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Sunday, July 23, 2017

Chris Thompson, hottest Saturday putter in Omaha, slips into deep freeze Sunday

Chris Thompson and caddie Brad Ziegler watch Thompson's second shot on-par 5 No. 7 at Indian Creek in Omaha in Sunday's final round of the Pinnacle Bank Championship, a web.com tour event. He finished tied for 23rd.

Chris Thompson and caddie Brad Ziegler watch Thompson's second shot on-par 5 No. 7 at Indian Creek in Omaha in Sunday's final round of the Pinnacle Bank Championship, a web.com tour event. He finished tied for 23rd.

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— Same man, same putter, same caddie, same greens. Couldn’t miss Saturday, couldn’t make one Sunday. It even happens to men so skilled they make their livings playing golf.

Lawrence resident Chris Thompson, two-time All-American during his days at University of Kansas, can attest to that.

Thompson had seven consecutive one-putt greens Saturday on his way to shooting 29 on the back nine of the third round of the Pinnacle Bank Championship. He didn’t make a putt longer than four feet Sunday on his way to a 2-over par 73.

“Crazy, the difference in golf,” Thompson said. “I probably had the best putting day of my life yesterday and today I can’t think of one worse. Pretty frustrating day.”

Thompson entered the field via a Monday qualifier and entered the final round tied for sixth. He finished it tied for 23rd at 7-over par. His top 25 finish earned him an automatic berth in this week’s Digital Ally Open at LionsGate in Overland Park.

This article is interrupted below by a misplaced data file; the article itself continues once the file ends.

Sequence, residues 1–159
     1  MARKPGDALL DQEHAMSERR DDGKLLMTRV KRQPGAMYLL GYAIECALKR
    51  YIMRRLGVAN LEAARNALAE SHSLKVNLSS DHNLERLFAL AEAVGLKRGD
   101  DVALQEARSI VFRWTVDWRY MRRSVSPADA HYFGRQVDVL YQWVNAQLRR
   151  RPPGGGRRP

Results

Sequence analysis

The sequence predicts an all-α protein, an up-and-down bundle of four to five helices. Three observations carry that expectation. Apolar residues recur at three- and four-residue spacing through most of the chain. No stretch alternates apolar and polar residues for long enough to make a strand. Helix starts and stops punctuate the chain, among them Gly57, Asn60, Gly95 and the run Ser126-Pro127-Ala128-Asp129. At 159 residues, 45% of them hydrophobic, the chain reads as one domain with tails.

“I guess it’s somewhat of a silver lining, but obviously it’s not going to make a difference if I putt like that, so it doesn’t make me feel any better," Thompson said. "Frustrating day.”

Had he duplicated the 66 he shot Saturday on Sunday, Thompson would have finished alone in second in the tournament won by Sam Ryder by eight strokes at 21-under par.

Thompson left many of his lag putts way short, but said it was not a case of the greens slowing down from one day to the next.

“I just wasn’t hitting the putts solid,” he said. “I started off pulling a few (putts) and lost a little confidence. It wasn’t a great effort.”

He can thank his effort on the course’s three par-5 holes for not having to play in a Monday qualifier to get into next week’s tournament. Whereas many players younger than Thompson, 41, laid up, Thompson went for the green each time. He twice hit the green and was pin-high to the left on the other. He birdied all three holes.

To get an idea of how crisply Thompson strikes the ball, consider his club selections and distances on those three shots into the green: He hit a 6-iron from 210 yards, a 4-iron from 230 and a 5-wood from 255.

His 5-wood on No. 15 drew beautifully onto a shallow green with bunkers in the front and back and left him with a pin-high, 13-footer for eagle.

“That was my favorite shot of the day,” he said of the 5-wood that awed the gallery sitting and standing on the hill behind No. 15. “I felt like if I could have made that putt I could have gotten some momentum. It was so frustrating missing makeable putts on every hole for 15 holes.”

After that birdie, Thompson made bogey on two of the final three holes.

“I thought the course played pretty hard out there, but on this tour it doesn’t matter,” Thompson said. “Everybody still shoots low. You just can’t have putting days like I had today.”

Thompson made $4,997 in the tournament, giving him $23,797 in earnings in the three web.com events in which he has played this season.

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